Over the centuries the monks of Iona produced countless elaborate carvings, manuscripts and Celtic crosses. Indeed, the earliest Celtic cross is found on Iona. Perhaps the brothers’ greatest work was the exquisite Book of Kells, which dates from 800 AD and is currently on display in Trinity College, Dublin.
Columba and the Picts
Columba continued to live a humble life on Iona, studying and praying. His time was spent leading his community, establishing a network of missionaries and monasteries, and converting people to Christianity.
Perhaps his greatest challenge was faced as he ventured amongst the Picts. Two years after his arrival on Iona, he set off on a mission to the northern Picts. He and his companions travelled by boat, up the Great Glen. He was to meet King Bridei (An earlier king than Bridei of the Battle of Dun Nechtain Fame) at his Hill Fort at Craig Phadraig which is located just outside present-day Inverness.
Columba and King Bridei
King Bridei was King of the Fortui Picts. It has only recently been discovered through archaeological finds that the Fortrui came from Moray and the eastern Highlands of Scotland. Bridei it seems was not a man to be crossed. He had become ruler of all the Picts in 558 AD. Adomnan, Columba’s biographer records that the Pictish King had taken hostages to ensure the political submission of the sub-king of Orkney. It should be noted that the Picts are often dismissed as an uncivilised people. Yet their stone carvings are unparalleled for the era in which they lived. Not only were they great workers of stone but they were amazing smiths and Pictish jewellery is often intricate and detailed. Perhaps their stone carvings were to form the inspiration for Iona’s Celtic crosses.
Bridei was defiant. On Columba’s first visit to the king, he climbed up the steep path to the fortress only to discover that Bridei had barred the gates. Columba would not be defeated. He made the sign of the cross and went to knock on the door. Suddenly, by miraculous power, the bars were thrust back, and the doors quickly swung open of their own accord. Alarmed Bridei and his council left the hall and came to meet the man of God. They greeted Columba with due respect and welcomed him gently with words of peace. From that day onwards, Bridei treated Columba with great honour.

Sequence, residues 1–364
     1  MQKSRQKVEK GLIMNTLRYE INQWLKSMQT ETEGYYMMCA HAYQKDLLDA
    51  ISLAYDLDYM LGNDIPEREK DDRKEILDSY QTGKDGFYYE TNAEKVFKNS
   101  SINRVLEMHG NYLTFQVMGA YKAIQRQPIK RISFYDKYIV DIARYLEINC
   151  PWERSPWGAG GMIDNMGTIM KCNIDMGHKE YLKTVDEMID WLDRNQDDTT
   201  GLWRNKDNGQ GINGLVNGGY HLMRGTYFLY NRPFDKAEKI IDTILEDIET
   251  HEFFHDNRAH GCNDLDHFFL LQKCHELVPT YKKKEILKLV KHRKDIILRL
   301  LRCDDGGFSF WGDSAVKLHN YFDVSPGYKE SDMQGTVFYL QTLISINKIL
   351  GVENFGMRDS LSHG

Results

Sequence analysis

Columba and the Druids
Whatever respect Columba had won from the King, it was not felt by the King’s druids. No doubt they felt that their beliefs and therefore their power was threatened by this man who claimed that there was only one God.
On one occasion Columba and his brother monks were outside the King’s fort saying Vespers. Some of the Druids came out and tried to stop them. Apparently, they were afraid that the ‘heathen’ Picts ‘would hear the sound of God’s praise’ and be converted. Aware of this, Columba began to chant the forty-fourth psalm. At that moment, his voice was miraculously transformed and sounded like thunder. ‘The King and his people were filled with unbearable fear’ at the sound of his voice.
The Druid Briochan
On another occasion, St Columba asked a druid called Briochan to release an Irish slave girl. The druid was stubborn and determined not to do Columba’s bidding. Columba then made this chilling prediction, “Know this, Broichan. Know that if you will not free this captive exile before I leave Pictland, you will have very little time to live.” Columba then made his way to the River Ness, where he picked up a white pebble from the river. Turning to his to companions, he declared: ‘Mark this white stone through which the Lord will bring about the healing of many sick people among this heathen race.’
After a few minutes of silence, he went on, ‘Now Broichan has suffered a heavy blow. For an angel sent from heaven has struck him, breaking into fragments the glass cup in his hand just as he was drinking from it. He is now struggling to get his breath and is near to death. But we should wait here a little while. The king will send two messengers hurrying out to us to call on our help for Broichan, and urgently, for he is dying. This seizure has put fear into him. Now he is willing to release the slave-girl.’
The Healing Stone
The saint was still speaking when two of the king’s messengers arrived on horseback. ” The king and his household have sent us to you to call on your help for Broichan, who will soon die,” they pleaded. Columba sent two of his monks to the king, handing them the stone that he had blessed and insisted: ‘If Broichan will first promise to release the Irish girl, then and only then dip this stone in some water and let him drink it. He will be well again immediately. But if he is intransigent and refuses to release her, he will die on the spot.’